I remember watching an interview with music group New Edition. The five original members — Ronnie Devoe, Michael Bivins, Bobby Brown, Ricky Bell and Ralph Tresvant — grew up poor, on the rough streets of Roxbury ("The Bury but not the fruit y'all") Boston back in the late ‘70s and early ‘80s. When super producer Maurice Starr discovered them, they were barely out of junior high school.
NE went on to become the progenitors of the boy band movement of the 1990s and at the time was the biggest crossover group in the world outside of Menudo maybe.
They had the fame, girls, the videos, the props and their tour schedule was beyond ambitious. Problem was, said one member, the first time the tour bus returned them home after traveling across the U.S. and abroad, it dropped them back in front of the same projects and they were each handed a check for like $4.
While people around the world clamored for their talents and spent millions to see NE get busy, the reality of the group's situation crept back in when they returned home to the pitfalls, poverty and problems of the PJ’s.
Listening to that story just didn’t seem right. Not just because they were getting robbed. We know how the music biz goes.
It’s more troubling that these young kids had the talent; drive and resilience to rise out of poverty become important and inspirational people, as well as much-needed role models for a generation of “forgotten” kids – yet return home with lint in their pockets. It seemed twisted and exploitive.
Their success brought more positive attention to Boston and I’m sure it had to help ease race relations among the younger kids, despite the out-dated philosophies of their parents. NE’s hip-hop, pop music moved youngsters, and the five guys were the main source of community pride; something special the kids of that hood could claim as their own.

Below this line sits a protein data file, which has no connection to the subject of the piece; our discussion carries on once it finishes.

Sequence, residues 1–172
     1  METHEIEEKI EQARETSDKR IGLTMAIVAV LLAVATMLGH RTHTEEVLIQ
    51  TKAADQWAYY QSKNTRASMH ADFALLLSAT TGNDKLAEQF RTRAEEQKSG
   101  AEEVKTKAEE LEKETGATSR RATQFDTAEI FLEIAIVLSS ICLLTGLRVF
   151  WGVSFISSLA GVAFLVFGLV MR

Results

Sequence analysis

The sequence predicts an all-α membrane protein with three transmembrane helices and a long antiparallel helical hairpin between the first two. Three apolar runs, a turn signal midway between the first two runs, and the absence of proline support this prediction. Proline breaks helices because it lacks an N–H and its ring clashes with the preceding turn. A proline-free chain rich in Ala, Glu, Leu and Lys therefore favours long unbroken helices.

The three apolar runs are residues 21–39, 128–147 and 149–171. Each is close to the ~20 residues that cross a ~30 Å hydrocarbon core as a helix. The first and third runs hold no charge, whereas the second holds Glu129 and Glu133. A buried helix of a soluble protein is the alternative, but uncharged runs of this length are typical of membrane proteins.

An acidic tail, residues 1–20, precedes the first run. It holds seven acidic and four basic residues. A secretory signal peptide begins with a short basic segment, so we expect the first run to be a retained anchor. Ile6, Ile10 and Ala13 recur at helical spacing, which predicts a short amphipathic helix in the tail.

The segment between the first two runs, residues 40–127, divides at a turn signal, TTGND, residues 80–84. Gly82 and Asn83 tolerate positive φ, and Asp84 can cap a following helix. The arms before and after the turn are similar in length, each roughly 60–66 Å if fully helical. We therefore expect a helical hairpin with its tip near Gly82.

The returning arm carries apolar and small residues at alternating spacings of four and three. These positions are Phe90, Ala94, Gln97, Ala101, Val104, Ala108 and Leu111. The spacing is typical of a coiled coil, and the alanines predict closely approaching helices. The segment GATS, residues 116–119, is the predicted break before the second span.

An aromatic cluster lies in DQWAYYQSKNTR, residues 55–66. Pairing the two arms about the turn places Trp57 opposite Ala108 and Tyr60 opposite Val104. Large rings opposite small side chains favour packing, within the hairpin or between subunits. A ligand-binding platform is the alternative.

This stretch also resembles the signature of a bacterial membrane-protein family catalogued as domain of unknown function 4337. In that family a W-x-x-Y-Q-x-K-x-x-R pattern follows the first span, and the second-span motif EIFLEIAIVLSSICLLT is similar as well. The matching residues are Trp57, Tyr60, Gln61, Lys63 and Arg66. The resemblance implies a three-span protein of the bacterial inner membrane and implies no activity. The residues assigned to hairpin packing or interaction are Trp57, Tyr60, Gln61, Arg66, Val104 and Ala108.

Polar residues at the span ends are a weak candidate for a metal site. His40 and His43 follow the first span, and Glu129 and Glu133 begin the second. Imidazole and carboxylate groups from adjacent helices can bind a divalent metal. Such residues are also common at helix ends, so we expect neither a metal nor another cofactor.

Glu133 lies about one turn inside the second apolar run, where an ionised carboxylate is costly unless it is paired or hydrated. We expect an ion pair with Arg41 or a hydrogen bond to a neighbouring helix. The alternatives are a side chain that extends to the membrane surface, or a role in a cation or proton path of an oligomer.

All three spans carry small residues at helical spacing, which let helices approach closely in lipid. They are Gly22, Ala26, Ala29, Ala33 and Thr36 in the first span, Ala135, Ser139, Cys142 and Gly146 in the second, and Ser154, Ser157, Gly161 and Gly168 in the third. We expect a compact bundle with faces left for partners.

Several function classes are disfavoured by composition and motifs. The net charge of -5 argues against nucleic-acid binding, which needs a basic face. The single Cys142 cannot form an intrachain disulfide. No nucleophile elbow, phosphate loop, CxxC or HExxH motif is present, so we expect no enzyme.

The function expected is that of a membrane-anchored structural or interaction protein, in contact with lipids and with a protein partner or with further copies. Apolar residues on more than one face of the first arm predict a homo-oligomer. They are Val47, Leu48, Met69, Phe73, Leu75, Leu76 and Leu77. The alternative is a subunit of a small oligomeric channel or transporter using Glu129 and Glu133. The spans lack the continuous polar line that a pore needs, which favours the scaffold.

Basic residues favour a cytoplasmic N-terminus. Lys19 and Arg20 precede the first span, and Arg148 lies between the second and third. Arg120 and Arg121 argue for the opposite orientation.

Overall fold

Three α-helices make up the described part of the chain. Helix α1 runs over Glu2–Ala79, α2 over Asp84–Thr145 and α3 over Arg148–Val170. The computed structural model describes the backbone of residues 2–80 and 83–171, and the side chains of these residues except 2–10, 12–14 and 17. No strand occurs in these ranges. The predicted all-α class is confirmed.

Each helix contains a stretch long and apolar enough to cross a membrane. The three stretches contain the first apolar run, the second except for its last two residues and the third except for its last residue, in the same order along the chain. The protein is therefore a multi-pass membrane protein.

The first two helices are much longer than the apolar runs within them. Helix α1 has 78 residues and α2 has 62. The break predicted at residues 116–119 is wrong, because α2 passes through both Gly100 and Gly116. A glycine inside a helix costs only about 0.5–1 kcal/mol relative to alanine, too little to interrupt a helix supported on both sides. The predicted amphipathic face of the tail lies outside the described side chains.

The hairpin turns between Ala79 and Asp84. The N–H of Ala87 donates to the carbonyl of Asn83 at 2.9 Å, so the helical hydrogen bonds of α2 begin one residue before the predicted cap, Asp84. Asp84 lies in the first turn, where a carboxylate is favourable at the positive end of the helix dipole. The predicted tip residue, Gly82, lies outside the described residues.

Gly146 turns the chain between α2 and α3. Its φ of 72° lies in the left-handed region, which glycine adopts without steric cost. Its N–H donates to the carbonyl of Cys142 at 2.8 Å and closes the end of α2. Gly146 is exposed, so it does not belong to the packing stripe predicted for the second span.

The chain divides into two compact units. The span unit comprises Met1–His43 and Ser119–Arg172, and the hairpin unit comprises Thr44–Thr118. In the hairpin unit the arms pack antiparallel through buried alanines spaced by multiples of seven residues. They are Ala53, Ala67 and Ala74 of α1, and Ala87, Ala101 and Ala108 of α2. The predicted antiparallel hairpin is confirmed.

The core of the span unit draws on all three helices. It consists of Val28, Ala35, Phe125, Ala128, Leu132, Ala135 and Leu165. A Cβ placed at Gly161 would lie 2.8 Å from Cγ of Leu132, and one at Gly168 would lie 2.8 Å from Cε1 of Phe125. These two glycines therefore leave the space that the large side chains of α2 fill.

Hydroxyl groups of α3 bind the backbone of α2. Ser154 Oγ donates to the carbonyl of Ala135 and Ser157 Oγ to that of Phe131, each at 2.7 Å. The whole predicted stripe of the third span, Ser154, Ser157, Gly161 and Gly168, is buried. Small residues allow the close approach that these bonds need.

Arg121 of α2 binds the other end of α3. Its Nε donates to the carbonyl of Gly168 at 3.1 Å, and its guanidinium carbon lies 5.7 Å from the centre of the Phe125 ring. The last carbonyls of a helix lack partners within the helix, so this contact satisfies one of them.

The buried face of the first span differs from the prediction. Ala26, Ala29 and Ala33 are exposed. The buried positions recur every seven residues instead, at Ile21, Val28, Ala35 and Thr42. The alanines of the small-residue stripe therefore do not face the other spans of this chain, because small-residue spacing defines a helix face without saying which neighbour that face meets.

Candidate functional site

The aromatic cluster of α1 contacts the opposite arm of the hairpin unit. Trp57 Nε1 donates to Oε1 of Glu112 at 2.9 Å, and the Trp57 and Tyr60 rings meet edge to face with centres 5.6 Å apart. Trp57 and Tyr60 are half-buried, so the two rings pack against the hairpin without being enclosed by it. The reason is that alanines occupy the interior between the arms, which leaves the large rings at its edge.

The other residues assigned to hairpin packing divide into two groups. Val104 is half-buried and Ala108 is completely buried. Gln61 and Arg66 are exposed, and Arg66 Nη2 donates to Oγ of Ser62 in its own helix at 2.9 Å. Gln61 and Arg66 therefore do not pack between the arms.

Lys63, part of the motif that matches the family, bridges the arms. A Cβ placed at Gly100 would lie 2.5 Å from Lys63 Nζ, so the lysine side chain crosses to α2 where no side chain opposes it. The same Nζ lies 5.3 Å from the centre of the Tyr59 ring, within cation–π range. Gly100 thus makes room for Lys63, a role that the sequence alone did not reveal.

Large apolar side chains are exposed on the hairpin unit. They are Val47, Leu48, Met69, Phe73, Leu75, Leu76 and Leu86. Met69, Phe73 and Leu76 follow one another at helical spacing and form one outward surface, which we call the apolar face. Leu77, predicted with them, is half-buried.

Superstardom for kids often comes with a huge price tag. The media and fans zero in on the external success and place them on a pedestal. At that point, a kid’s no longer considered a normal person, with real feelings and real-life struggles.
Once the kid’s face and an account of his/her miraculous accomplishments are plastered over the fast-moving social media and TV machine, people assume that kid lives in a utopia of celebrity success and affluence.
Little League World Series star Jaheim Benton and his Jackie Robinson West Little League squad became overnight sensations, Kings in The Windy City and captivated the baseball world. Everyone from Prez Obama to the local school janitor caught the JRW wave.
While he was helping to heal the socio-economically fractured city, in the back of his mind he was thinking about his family. The Benton’s lost their home in the midst of JRW’s historical run. The disruption caused the family to split up and sleep on family members' couches.
His mom Devona told him to be strong. "It's been hard, but I just tell my baby to hold his head up," she said. "I told him to get out there and play ball, despite his knowing that we lost our home."